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Sales Development Leaders Must Serve Two Masters, Masterfully

4 min read
Updated Apr. 24, 2020
Published Apr. 29, 2016

For the best sales development leaders, or leaders in any field, the focus is on service. In the green years of a Sales Development Rep, it would bode well to explore this outlook in order to accelerate contribution to their organization, and set their career on the brightest path. But without specifics, these words of inspiration are just a bunch of platitudes…

Here’s how to genuinely apply the perspective of service to the role of the SDR as sales development leaders:

SDRs serve 2 customers: the internal and the external. We’ll start with the internal customer:

SDR Customer #1: Their Account Executive

Both the SDR and the AEs have metrics they care about. See the chart below which was originally created and presented by Steven Broudy of Mulesoft at the 2016 TOPO Summit.

You likely care about:

  • Leads
  • MQLs
  • MQL per lead
  • Follow-up rate
  • Opportunities created
  • Opportunities per MQL
  • New Pipeline generated
  • Pipeline per opportunity created
  • % bookings sourced by SDRs
  • Total bookings sourced by SDRs
  • SDR Headcount

Your “customer” likely cares about:

  • Total closed won revenue
  • Number of new deals
  • ASP
  • Win rate
  • % of opps reaching Stage 2
  • Engagement mode – are we running the right play

Studying this gives a defined perspective on our roles as sales contributors, and in order to be the best sales development leaders we can be, we’ve got to feel the pains and needs from both sides. Here, we (the SDR) see that they (the AE) need:

  1. Bigger deals
  2. Faster closing ops
  3. With better impression from messaging

The eager-to-succeed SDR inside of you may be thinking, “what does he expect us to do? We’re not supposed to close deals!”

That’s right. It is, however, your responsibility to act in a way that leads you on the path to closing deals. And for every organization, this path should be clearly defined; compiled as a service level agreement (SLA) or Rules Of Engagement (ROE) document. Both parties should be included in its creation. Build, support, memorize, and fully understand this document. Adhere to it, and always be learning new ways to supplement it, like these:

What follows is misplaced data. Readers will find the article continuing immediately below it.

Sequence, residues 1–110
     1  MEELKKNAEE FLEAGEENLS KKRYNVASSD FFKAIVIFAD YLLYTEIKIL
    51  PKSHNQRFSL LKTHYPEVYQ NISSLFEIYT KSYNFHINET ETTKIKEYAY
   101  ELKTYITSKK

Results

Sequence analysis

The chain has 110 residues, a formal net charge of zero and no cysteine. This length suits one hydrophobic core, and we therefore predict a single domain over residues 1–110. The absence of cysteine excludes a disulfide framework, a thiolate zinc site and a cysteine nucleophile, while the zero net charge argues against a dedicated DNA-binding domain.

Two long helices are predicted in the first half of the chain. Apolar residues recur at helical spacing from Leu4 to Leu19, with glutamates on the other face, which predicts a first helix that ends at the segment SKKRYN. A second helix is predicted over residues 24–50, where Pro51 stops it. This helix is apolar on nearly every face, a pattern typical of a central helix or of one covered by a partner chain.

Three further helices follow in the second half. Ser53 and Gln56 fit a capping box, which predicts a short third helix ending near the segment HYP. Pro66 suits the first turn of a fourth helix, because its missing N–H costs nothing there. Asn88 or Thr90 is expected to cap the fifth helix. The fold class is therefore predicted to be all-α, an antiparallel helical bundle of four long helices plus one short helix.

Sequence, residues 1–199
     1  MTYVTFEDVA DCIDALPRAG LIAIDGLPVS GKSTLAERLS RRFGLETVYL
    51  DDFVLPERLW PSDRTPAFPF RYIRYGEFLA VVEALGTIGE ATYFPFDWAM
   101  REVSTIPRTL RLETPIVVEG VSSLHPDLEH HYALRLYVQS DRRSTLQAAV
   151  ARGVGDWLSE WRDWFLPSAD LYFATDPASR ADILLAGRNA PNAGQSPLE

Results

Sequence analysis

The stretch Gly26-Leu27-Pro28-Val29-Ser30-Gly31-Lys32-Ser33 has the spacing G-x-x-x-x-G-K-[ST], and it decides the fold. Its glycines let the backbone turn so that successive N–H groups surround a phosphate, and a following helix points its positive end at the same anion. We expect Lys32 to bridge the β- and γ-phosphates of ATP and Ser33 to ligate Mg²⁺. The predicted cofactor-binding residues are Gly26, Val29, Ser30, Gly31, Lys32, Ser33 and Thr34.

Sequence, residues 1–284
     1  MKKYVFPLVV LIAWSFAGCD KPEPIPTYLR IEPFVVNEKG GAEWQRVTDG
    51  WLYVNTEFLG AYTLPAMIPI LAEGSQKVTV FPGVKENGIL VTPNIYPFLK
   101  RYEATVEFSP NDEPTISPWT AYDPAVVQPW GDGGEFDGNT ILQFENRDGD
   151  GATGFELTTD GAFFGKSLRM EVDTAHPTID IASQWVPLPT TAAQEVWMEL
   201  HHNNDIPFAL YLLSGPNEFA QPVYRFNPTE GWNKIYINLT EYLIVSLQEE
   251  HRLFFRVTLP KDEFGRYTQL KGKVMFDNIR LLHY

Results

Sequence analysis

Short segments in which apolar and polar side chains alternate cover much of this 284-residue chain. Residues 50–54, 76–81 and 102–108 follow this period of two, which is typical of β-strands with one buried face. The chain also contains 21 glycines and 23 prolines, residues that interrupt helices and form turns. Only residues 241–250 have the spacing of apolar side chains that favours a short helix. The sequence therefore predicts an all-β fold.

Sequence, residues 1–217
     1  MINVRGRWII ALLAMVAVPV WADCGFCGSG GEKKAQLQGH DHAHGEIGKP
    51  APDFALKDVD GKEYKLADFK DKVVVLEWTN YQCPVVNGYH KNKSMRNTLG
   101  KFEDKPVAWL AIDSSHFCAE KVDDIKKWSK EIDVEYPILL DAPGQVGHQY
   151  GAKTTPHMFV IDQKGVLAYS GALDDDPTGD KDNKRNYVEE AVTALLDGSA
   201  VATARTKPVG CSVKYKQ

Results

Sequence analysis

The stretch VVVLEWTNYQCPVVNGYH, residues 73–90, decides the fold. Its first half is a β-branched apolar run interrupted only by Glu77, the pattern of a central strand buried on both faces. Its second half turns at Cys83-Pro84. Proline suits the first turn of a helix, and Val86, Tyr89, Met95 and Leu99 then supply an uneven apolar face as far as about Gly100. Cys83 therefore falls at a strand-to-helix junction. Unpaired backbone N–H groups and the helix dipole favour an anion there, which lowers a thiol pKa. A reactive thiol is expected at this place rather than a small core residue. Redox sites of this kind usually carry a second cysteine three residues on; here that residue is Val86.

• Schedule one lunch per week with an AE. (And don’t just chitchat and BS — bring a list of specific questions to add value to both of your roles.)
  • Read one sales book per month. (Use Kindle to better store notes and refer to it later.)
  • Sit in on at least one AE consultation per week.
  • Set up a coffee meeting once per month with a senior sales executive.
  • Read all the AE training and internal materials (These may change quarterly, so stay on top of them.)

Your empathy and obsession over your internal customer’s needs as sales development leaders will drive impact to your company’s overall success and growth. And these needs are followed closely by the needs of the second type of sales development customer:

SDR Customer #2: External Customer:

In order to best serve your internal customers (AEs), you must also obsess over your prospective external customers. These are your company’s customers, the ones whose pains you’re trying to understand and solve through the purchase of your solution.

The best outlook to have regarding external customers is to believe in your offering as strongly as you believe in anything in your career. Selling is the transference of your beliefs to another. Your sincere belief adds value to your market.

Once you’ve connected with your ideal buyer, here’s what they need you to do to earn their business:

  • Communicate with passion & professionalism
  • Establish trust through rapport
  • Ask amazing questions
  • Understand their objectives
  • Show the path from your solutions to their objectives
  • Convert the lead to a qualified opportunity and make introduction to your account executive (internal customer).

All of these skills take an exceptional level of empathy, customer obsession, and, above all else, heart of service to succeed. And whether innate or learned, that heart of service is what creates the unstoppable force of a sales development leader, business person, and human being as they relate to their customers.

It’s a heart of service that leads the best to put the needs of others first. It’s a heart of service that strives to help others succeed. It’s a heart of service that will convince you to stop watching TV on nights and weekends in order to train, so you boost your ability to deliver for your customers.